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Introduction: Pain is a multidimensional factor and core domain of psoriatic arthritis (PsA). This analysis aimed to quantify the role of potential inflammation-associated outcomes on pain reduction in patients with PsA receiving tofacitinib, using mediation modeling. Methods: Pooled data were from two phase 3 studies (OPAL Broaden and OPAL Beyond) of patients with active PsA treated with tofacitinib 5 mg twice daily or placebo. Mediation modeling was utilized to quantify the indirect effects (via Itch Severity Item [ISI], C-reactive protein [CRP] levels, swollen joint count [SJC], Psoriasis Area and Severity Index [PASI], and enthesitis [using Leeds Enthesitis Index]) and direct effects (representing all other factors) of tofacitinib treatment on pain improvement. Results: The initial model showed that tofacitinib treatment affects pain, primarily indirectly, via ISI, CRP, SJC, PASI, and enthesitis (overall 84.0%; P = 0.0009), with 16.0% (P = 0.5274) attributable to the direct effect. The model was respecified to exclude SJC and PASI. Analysis of the final model revealed that 29.5% (P = 0.0579) of tofacitinib treatment effect on pain was attributable to the direct effect, and 70.5% (P < 0.0001) was attributable to the indirect effect. ISI, CRP, and enthesitis mediated 37.4% (P = 0.0002), 15.3% (P = 0.0107), and 17.8% (P = 0.0157) of the tofacitinib treatment effect on pain, respectively. Conclusions: The majority of the effect of tofacitinib on pain was collectively mediated by itch, CRP, and enthesitis, with itch being the primary mediator of treatment effect. Trial Registration: NCT01877668, NCT01882439. Graphical PLS: [Figure not available: see fulltext.]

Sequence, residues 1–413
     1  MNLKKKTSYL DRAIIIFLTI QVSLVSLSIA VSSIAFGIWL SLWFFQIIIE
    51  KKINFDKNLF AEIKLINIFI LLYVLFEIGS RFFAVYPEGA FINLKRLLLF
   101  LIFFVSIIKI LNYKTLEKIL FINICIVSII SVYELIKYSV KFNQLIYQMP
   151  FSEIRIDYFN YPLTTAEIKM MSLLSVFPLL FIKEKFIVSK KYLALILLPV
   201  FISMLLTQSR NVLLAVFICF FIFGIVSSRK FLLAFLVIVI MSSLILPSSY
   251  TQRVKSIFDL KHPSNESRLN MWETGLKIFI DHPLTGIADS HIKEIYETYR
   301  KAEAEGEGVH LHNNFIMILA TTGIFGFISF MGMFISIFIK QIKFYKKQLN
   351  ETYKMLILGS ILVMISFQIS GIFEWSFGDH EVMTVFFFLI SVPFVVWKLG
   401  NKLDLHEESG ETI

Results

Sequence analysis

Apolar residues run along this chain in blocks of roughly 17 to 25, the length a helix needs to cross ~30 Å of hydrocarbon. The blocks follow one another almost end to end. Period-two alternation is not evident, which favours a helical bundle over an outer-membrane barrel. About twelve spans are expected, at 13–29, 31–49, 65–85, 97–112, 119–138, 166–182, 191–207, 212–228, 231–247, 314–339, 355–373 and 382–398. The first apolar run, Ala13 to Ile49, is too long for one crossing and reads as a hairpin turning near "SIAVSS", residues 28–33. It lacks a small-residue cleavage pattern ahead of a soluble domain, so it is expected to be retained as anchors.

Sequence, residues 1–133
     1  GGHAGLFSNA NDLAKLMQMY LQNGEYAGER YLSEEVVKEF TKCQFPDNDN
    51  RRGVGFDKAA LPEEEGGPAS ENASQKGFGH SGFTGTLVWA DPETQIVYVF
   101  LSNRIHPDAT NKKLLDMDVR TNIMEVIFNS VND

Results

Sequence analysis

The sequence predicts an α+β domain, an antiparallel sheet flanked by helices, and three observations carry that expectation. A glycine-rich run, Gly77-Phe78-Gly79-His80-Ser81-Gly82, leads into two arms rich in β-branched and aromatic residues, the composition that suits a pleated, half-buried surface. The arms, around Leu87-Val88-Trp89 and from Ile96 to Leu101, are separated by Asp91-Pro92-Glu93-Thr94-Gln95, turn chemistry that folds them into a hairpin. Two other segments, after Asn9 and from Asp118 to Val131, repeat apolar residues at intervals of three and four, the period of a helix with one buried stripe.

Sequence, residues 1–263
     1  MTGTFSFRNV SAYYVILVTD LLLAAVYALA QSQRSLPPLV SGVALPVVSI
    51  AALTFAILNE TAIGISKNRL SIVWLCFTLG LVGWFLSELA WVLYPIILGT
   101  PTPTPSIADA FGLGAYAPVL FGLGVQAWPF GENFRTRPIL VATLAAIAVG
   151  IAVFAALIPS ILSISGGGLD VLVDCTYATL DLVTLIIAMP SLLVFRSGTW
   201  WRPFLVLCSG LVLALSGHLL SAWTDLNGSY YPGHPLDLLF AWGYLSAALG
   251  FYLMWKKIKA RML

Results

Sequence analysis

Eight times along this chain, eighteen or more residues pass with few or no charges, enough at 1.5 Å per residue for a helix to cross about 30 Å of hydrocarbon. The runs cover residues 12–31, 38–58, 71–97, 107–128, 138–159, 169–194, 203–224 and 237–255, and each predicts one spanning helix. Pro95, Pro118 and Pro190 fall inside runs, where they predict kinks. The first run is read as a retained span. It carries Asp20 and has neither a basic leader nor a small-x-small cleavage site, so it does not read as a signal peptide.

Original publication




Journal article


Rheumatology and therapy

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